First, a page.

‘The train thing is good’: Feds put man on trial for allegedly hiring hit man to kill wife’s uncle
Venkatesh Bhogireddy faces six counts revolving around his alleged plot to have his wife’s uncle murdered for $8,000. But the hit man turned out to be an undercover ATF agent.
Federal prosecutors say a Chicago man caught up in a contentious divorce met someone he believed to be a hit man in a Joliet restaurant in the fall of 2019, handed him $2,000 and told him he wanted the job done — and made to look like an accident.
The purported hit man told Venkatesh Bhogireddy he was thinking of pushing their target in front of a subway train. Bhogireddy then began to walk back to his car. But he returned a short time later, and he allegedly said, “The train thing is good.”
The feds say he even made a motion, as if pushing someone.
Now Bhogireddy is on trial at the Dirksen Federal Courthouse, charged with six counts revolving around his alleged plot to have his wife’s uncle murdered for $8,000 by someone he thought was a hit man — but who turned out to be an undercover ATF agent. Prosecutors have also alleged that Bhogireddy wanted his wife killed at a later time.
Bhogireddy’s defense attorney, Gal Pissetzky, denied to jurors Wednesday that Bhogireddy meant to have anyone killed. He said Bhogireddy needed to vent and “get his aggravations out” about his divorce. And he said Bhogireddy’s English is “not the greatest,” so things sometimes don’t come out the way he means them.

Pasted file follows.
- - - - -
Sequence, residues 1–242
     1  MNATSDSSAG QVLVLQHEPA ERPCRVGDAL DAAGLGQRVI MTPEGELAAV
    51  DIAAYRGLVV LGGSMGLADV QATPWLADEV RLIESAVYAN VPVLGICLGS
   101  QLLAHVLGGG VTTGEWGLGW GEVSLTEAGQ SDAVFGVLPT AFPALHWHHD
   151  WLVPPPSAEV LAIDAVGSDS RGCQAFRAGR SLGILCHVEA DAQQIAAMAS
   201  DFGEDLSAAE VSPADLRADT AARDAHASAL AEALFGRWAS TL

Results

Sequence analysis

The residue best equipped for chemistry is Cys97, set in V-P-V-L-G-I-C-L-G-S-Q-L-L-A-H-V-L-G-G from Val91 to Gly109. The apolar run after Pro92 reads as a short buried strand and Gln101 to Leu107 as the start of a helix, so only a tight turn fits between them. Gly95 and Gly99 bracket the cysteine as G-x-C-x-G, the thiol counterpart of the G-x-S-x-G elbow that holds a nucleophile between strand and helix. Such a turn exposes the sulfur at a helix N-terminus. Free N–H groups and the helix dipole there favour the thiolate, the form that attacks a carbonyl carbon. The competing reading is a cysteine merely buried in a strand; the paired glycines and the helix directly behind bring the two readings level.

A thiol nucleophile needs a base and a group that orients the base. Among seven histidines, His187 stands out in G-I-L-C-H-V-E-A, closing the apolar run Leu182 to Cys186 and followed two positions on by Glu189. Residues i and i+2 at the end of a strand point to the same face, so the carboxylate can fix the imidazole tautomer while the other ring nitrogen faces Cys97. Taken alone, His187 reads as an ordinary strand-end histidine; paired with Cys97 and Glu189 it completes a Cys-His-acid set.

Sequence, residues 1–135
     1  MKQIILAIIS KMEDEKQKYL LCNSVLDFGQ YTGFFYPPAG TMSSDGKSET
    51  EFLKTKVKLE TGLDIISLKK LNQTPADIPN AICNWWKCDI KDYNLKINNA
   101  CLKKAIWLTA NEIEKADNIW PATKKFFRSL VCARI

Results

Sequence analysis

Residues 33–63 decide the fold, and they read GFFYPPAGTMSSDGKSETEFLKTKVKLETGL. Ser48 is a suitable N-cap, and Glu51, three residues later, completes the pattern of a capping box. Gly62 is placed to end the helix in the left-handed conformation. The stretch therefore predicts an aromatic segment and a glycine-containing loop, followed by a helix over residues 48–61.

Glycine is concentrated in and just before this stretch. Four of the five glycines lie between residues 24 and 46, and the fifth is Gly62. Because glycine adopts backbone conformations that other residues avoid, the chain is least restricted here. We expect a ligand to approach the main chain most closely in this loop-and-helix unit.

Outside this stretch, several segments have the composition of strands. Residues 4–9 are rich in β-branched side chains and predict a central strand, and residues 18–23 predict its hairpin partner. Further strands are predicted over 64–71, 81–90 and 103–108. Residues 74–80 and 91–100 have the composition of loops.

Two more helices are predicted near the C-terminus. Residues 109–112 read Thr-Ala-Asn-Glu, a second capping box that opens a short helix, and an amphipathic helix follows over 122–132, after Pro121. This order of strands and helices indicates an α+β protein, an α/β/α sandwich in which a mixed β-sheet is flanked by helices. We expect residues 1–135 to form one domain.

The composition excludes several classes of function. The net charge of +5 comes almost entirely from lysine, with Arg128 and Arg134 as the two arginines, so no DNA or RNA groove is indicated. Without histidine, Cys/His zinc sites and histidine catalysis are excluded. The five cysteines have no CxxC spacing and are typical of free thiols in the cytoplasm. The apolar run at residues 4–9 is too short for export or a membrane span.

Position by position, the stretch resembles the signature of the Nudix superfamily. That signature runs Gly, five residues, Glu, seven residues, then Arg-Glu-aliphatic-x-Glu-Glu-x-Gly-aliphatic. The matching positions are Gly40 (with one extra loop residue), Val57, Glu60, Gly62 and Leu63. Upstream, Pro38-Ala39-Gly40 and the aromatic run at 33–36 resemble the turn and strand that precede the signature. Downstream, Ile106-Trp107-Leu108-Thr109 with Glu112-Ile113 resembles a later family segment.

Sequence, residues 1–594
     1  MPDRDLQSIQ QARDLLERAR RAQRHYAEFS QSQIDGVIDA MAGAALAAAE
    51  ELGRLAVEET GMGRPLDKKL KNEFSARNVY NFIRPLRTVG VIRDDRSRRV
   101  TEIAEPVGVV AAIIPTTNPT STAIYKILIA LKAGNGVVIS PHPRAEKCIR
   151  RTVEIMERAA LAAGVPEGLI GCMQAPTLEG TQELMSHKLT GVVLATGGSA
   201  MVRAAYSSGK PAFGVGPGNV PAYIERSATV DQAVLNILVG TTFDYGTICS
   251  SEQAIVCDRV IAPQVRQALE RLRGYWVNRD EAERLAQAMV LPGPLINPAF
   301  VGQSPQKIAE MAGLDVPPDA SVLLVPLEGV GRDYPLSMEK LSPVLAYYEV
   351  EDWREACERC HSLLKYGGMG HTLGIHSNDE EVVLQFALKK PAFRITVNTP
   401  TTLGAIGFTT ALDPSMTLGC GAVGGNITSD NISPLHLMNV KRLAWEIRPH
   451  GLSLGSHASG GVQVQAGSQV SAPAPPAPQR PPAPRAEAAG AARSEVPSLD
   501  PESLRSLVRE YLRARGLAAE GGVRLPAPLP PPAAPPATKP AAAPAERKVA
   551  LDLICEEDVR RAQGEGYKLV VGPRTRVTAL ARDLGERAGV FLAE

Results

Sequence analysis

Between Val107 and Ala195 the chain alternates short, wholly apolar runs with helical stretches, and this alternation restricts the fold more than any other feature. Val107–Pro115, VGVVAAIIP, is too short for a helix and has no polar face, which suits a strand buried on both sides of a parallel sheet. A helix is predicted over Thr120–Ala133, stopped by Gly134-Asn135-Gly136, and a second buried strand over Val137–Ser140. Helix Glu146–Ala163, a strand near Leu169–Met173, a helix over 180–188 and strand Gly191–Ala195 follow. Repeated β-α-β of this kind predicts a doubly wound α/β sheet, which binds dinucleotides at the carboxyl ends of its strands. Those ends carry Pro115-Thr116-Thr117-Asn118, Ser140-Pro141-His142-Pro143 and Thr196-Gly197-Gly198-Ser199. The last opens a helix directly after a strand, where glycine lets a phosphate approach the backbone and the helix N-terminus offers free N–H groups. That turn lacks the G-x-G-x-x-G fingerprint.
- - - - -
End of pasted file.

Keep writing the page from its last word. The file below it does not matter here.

The trial is taking place on the 25th floor of the Dirksen Federal Courthouse, amid the same coronavirus protocols the court implemented when jury trials first resumed last August.
Prosecutors say Bhogireddy reached out to an acquaintance in May 2019 looking for someone who could “take care of a problem” for him for money. That person called law enforcement, who gave him a number for the undercover ATF agent to give to Bhogireddy.
Bhogireddy called the ATF agent June 4, 2019, according to a 21-page criminal complaint filed in October 2019. Bhogireddy allegedly confirmed for the agent that he wanted a “quote,” and they agreed to meet two days later in Joliet. The men wound up talking in a warehouse, where Bhogireddy allegedly explained he was having problems with his wife.
Bhogireddy allegedly said his wife was acting “crazy” and had accused him in court of doing things to their children. Though Bhogireddy said he wanted “her” taken care of, he said he thought he’d be the suspect if something happened to her, adding, “I cannot look guilty.”
Rather, he said his wife’s uncle, who lived in New Jersey, was behind the accusations his wife had made.
When the agent asked Bhogireddy whether he wanted the uncle hurt or killed, Bhogireddy allegedly said any injuries to the uncle should put him in a “coma.” Bhogireddy also allegedly made a chopping motion with his hand to the back of his neck.
Bhogireddy agreed to pay the agent $8,000, the feds say.
“Plan, take your time,” Bhogireddy allegedly said. “Plan, plan, plan, take your time, plan, plan, plan, no rush.”
The men had other meetings, and Bhogireddy allegedly gave the uncle’s address to the agent, who then traveled to New Jersey to study the uncle’s movements.
Then, in October 2019, the men met again at La Mex restaurant in Joliet. When Bhogireddy arrived, the feds say he immediately handed the agent a wad of cash and said “that’s two grand.” Bhogireddy told the agent he wanted it done, and made to look like an accident.
“Like, accident dead?” the agent asked. Bhogireddy allegedly replied, “Yeah, yeah … Even if he wasn’t dead, even crushed, good enough.”
The agent told him, “but he’s probably gonna be dead.”
And Bhogireddy allegedly said, “That’s OK.”